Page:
Have you ever wondered how much amp or energy an average refrigerator consumes? Did you know that the typical refrigerator is one of the most amp or energy-consuming appliances in your home?
According to the Institute for Energy Diversification the average refrigerator power consumption can account for 30.6% of total consumption of a home. Below, we will give you a series of tips and tricks to save energy with your fridge so that you can keep its consumption at bay with the arrival of the heat.
The typical refrigerator's annual power consumption depends on the type of fridge, the brand, and the model. Even so, in the market, we can find different determined ranges that we should know. The most effective way to do this is to compare the amperage and energy class level and the kilowatts of a refrigerator (1 kilowatt = 1000 wattage).
Energy-efficient refrigerators (those classified under the energy label A+++, A++...) consume around 175kWh per year. On the other hand, the most energy-efficient refrigerators (those classified under the C energy label) consume an average of 646 kWh per year. This difference in kWh will be reflected in consumption, and therefore, in your electricity bill.
So, how much energy does my refrigerator consume per year?
When choosing a new electrical appliance of this type, the refrigerator's price must be considered. The economic cost of the annual consumption of each energy class is very different.
Difference between A+++, A++ and A+ Refrigerators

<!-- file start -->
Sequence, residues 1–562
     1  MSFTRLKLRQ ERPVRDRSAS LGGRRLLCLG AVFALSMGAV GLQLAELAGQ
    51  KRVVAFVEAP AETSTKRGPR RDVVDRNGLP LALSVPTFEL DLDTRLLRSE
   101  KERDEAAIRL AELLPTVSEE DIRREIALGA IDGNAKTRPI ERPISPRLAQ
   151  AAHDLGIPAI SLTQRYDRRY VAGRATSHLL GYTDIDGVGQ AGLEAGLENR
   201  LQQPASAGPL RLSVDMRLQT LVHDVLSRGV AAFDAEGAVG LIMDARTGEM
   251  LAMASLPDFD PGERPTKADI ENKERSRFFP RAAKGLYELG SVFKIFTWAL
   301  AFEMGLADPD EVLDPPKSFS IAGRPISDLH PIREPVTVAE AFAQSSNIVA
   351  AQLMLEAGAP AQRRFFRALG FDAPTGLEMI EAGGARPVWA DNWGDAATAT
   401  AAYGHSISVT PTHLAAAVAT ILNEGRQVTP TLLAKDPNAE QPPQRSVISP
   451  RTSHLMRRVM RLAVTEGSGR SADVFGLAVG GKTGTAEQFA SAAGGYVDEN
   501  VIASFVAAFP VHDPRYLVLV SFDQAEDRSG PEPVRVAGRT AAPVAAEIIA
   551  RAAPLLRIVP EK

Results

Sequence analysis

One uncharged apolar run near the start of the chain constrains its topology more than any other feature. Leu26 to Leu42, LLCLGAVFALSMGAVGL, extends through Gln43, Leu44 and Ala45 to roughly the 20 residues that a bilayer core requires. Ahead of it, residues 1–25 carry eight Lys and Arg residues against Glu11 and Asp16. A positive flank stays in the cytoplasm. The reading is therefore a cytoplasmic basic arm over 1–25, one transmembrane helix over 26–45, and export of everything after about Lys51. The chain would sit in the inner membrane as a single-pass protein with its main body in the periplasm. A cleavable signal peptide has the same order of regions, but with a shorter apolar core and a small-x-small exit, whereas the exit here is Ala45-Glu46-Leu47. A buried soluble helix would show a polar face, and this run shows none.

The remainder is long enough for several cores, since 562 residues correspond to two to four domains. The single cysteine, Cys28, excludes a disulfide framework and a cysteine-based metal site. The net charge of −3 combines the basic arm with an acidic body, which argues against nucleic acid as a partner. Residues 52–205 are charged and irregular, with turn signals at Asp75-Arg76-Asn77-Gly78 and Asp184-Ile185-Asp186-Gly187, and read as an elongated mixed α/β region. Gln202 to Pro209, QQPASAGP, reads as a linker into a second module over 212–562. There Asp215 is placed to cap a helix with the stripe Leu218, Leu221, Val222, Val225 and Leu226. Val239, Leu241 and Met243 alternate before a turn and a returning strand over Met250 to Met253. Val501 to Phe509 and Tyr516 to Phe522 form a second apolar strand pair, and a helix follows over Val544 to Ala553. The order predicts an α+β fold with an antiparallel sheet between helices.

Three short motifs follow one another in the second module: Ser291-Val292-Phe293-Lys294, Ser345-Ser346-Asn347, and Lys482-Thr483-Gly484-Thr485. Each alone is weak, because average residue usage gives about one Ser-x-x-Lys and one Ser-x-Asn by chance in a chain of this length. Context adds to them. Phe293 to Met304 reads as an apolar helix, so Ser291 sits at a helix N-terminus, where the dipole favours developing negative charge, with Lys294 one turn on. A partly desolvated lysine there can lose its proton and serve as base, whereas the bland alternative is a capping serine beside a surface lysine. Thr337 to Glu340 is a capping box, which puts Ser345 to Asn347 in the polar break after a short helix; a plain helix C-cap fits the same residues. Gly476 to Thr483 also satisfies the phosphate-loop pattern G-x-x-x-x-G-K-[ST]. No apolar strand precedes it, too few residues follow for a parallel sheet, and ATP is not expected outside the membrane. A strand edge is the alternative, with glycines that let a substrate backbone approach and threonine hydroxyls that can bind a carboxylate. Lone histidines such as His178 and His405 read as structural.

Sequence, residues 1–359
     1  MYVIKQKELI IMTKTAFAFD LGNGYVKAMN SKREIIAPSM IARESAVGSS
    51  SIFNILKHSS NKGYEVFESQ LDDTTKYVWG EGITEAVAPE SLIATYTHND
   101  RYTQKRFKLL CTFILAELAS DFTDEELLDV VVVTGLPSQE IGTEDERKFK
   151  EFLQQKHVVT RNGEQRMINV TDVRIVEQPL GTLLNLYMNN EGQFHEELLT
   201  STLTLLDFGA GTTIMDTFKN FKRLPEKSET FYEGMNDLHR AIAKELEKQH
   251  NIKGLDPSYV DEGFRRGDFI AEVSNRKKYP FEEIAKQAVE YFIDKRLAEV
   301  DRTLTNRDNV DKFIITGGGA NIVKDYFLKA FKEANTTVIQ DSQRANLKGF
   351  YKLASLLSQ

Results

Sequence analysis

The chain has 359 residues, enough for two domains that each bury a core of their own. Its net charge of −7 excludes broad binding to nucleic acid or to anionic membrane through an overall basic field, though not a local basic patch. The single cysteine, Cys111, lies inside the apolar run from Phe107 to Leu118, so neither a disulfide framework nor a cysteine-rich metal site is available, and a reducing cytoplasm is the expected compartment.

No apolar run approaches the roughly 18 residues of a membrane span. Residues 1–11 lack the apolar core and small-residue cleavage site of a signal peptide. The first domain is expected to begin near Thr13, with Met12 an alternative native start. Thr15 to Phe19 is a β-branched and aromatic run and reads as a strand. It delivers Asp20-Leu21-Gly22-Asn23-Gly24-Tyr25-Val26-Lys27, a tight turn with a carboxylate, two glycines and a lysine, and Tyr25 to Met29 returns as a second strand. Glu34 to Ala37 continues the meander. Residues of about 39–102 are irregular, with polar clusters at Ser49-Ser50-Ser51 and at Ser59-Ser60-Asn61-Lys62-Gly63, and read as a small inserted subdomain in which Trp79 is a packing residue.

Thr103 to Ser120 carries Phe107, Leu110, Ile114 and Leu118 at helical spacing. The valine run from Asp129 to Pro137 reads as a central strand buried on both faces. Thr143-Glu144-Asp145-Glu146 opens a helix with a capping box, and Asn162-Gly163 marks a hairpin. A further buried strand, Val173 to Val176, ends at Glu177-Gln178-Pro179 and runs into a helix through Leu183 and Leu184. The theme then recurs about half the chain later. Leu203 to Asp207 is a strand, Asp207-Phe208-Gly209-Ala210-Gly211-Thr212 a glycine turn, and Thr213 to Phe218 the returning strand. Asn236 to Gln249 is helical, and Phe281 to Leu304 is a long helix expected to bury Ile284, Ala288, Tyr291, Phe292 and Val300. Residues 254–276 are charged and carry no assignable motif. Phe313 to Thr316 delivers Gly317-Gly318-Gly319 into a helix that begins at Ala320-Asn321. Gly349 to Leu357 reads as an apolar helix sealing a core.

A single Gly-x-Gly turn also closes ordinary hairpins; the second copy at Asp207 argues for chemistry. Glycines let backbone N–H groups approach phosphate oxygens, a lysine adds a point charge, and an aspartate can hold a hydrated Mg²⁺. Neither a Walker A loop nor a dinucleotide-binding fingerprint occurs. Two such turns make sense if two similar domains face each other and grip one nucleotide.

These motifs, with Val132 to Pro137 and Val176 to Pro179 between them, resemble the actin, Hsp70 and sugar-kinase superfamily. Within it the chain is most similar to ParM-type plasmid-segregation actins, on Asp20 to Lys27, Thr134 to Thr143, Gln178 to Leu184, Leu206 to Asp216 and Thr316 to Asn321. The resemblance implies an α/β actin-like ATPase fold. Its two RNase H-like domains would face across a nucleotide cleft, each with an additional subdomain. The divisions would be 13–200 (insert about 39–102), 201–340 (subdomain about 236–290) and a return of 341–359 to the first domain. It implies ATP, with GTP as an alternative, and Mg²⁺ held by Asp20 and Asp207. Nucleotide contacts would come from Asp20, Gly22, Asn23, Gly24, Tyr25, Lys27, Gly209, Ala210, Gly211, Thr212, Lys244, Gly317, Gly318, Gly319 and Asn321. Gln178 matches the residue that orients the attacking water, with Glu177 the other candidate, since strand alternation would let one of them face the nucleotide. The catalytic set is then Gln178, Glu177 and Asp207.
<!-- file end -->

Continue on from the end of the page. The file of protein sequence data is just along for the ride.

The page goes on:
The main difference between one level or another of class A refrigerators is the daily wattage consumption. The higher the class, the less power it will require to cool the food and therefore the less consumption it will have.
According to the IDAE, the difference in consumption of class A refrigerators is as follows:
We will find a difference between the price ranges of this electrical appliance within each energy class category. Remember that sometimes cheap is expensive and, in this case, it will be reflected in your electricity bill.
It is striking the level of consumption that can reach a class B or C appliance. These refrigerators can account for a very high percentage of our total bill. However, it is not only refrigerators rated B and C that are high in energy consumption. Many of the older models are also high in energy consumption. The vast majority of refrigerators manufactured before energy class categories were established energy-efficient and would now be considered class C appliances.